So the rest of the story is long and I’m thinking about doing a blog series on my experiences as being officer-lamont-burrpicked as juror #5.  What I discovered about this experience is Secret #4- it helped discipline me in a way that I haven’t been doing for myself in a while. Because I work at home, I tended to have a more lose schedule. Being on jury duty, I had to have a schedule and in fact got more work done, even while I was on the jury- go figure!  I had a great attitude about being on the jury.  As it turned out, I met some wonderfully kind and inspiring people who under any other circumstances I might not have ever met, much less spent 9 days with them.  If it wasn’t for my other jury members, this could have been a miserable experience.  Instead, we all had a similar caring and kind attitude which made serving all the more worth while.  In fact, I miss my jurors- we spent a lot of time talking about food, recipes, exchanging great resources, and just laughing and carrying on.  I’ve not laughed that much in a span of 9 days ever! [Photo- that’s me and Lamont Burr, our officer who took wonderful care of us during our stint as jury members.  He took care of our parking everyday, made sure we knew where to eat lunch, and use the restroom, internet, etc.]

Next time you get the paper in the mail summoning you for jury duty, think twice before getting upset and  trying to get off the jury.  Think of it as a time of discovery for yourself and maybe even possibly being able to help others, meet new people and have some great experiences.  There’s a lot we can do to make our voices heard and participate in the justice system.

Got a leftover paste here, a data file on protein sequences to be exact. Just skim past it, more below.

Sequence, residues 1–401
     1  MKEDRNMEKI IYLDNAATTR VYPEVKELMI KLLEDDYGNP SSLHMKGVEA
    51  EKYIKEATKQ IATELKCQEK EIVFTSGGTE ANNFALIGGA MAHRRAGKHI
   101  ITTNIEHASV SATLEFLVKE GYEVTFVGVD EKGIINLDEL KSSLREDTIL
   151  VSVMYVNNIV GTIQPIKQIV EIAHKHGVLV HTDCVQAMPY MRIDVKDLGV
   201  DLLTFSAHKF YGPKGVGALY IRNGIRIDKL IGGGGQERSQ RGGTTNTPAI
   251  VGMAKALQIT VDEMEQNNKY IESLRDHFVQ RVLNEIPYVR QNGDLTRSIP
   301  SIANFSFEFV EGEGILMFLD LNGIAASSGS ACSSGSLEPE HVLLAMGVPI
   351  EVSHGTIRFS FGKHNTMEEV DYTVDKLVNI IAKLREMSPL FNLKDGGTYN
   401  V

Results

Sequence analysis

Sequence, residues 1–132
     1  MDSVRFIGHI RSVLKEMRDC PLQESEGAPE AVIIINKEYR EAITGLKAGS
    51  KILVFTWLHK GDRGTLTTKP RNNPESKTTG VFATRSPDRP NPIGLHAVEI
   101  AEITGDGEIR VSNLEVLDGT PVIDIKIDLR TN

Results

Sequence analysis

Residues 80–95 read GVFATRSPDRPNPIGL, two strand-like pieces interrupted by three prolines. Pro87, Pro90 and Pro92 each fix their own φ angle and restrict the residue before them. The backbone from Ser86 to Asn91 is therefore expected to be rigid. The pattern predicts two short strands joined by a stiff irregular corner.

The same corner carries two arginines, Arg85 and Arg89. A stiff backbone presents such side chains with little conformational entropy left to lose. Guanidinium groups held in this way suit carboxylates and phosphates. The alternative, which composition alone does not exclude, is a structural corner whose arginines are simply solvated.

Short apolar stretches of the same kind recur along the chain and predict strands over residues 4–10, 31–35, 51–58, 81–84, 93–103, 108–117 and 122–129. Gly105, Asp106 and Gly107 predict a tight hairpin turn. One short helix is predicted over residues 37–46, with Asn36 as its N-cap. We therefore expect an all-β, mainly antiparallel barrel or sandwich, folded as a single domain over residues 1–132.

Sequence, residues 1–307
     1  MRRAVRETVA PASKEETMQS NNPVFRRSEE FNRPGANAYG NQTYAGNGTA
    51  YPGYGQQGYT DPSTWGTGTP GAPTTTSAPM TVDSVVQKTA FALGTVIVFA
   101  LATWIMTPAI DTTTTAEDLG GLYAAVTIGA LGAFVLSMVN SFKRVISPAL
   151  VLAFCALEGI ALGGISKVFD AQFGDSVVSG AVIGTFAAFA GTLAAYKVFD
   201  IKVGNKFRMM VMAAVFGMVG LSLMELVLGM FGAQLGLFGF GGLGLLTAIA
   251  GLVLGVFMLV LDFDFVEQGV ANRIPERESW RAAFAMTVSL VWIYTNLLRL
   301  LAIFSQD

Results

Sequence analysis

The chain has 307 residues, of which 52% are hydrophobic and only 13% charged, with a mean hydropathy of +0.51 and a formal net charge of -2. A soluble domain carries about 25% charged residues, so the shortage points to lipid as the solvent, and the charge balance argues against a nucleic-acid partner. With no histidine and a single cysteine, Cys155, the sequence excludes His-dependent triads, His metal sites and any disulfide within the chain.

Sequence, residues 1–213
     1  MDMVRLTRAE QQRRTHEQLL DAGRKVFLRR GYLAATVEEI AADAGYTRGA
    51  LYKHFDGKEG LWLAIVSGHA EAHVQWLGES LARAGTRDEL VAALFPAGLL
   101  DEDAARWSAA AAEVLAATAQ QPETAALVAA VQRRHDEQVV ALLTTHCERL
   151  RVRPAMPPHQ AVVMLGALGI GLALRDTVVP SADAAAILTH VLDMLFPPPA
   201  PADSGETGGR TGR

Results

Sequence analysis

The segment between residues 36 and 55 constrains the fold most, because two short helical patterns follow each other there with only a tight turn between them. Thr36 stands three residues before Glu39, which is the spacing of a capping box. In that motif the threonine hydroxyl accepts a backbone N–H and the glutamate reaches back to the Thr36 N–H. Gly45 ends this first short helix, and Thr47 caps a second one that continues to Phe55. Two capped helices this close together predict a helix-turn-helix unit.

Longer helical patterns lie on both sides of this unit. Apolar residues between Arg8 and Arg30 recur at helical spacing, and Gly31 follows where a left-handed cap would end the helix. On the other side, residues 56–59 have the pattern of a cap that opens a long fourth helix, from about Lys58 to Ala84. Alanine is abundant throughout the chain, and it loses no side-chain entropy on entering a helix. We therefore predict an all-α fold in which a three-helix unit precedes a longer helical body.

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  • kevincullis

    Amen on doing your civic duty. My sister teaches High School government and I’m retired AF, but there is NOTHING like the US system compared with others. I spent two days on a trial years ago and loved every minute of it. Reminds me of the movie “12 Angry Men,” although not as intense as mine for sure.

  • jbenson2

    I was a jury foreman for a DUI case. The only thing that bothered me during the trial was the defense lawyer’s holier-than-thou attitude.

    His sarcastic questioning of the State Trooper who arrested his client was appalling. He thought he was brilliant by bringing up ludicrous explanations.

    “Well SIR! isn’t is possible that the alcohol you smelled on my client was spilled on him accidently by someone else bumping into him at the party?”

    “And again, SIR! isn’t it possible his glassy and red eyes were caused because he had been crying over the breakup of his girlfriend?”

    All he ended up doing was digging his client a deeper grave.

  • Jill Pugh

    Thank you for this post! First, I appreciate your attitude towards jury duty – it really is the backbone of our system of justice, and while it obviously is an inconvenience, we need people like you, who “can’t lie very well” and take the time to serve. In my opinion, it is second only to voting in the important duties and rights of citizens in a democracy. Second, as a trial attorney, I learn a lot from hearing about the experience of jury duty from those who go through a trial. Hopefully it makes me better in the courtroom.

    Jill Pugh

  • EdM

    Trial by jury is foundational to our system of liberty that is literally undermined by the common attitude about getting out of jury duty no matter how. It makes my blood boil when I hear things like “who’d want to be tried by a bunch of people too stupid to get out of jury duty?” I’d far rather it be by people who actually take their citizenship seriously than by those parasites who don’t. I commend your positive take on your experience and your willingness to serve. What you served was something far bigger than a mere trial.

  • Shannon

    Kevin- I’m with you- LOVED 12 Angry Men, in fact I talked about the movie with my fellow jurors- that’s a classic.

    JBenson- totally agree the attorney’s on both of these cases in many instances dug themselves deeper- fascinating to watch.

    Jill- thanks so much for your comment and I totally agree being on a jury was an honor to serve and so glad I had the opportunity to do it!

    And Ed, thanks to you too for your wonderful comments- appreciate it. We need more people like us with an attitude to help this country, to serve on jury duty, do the right thing and to help others.

  • Shannon

    Hi Beverley, I’m sure there many posts out there on this topic. This actually was my own personal experience that I had while I served as a juror.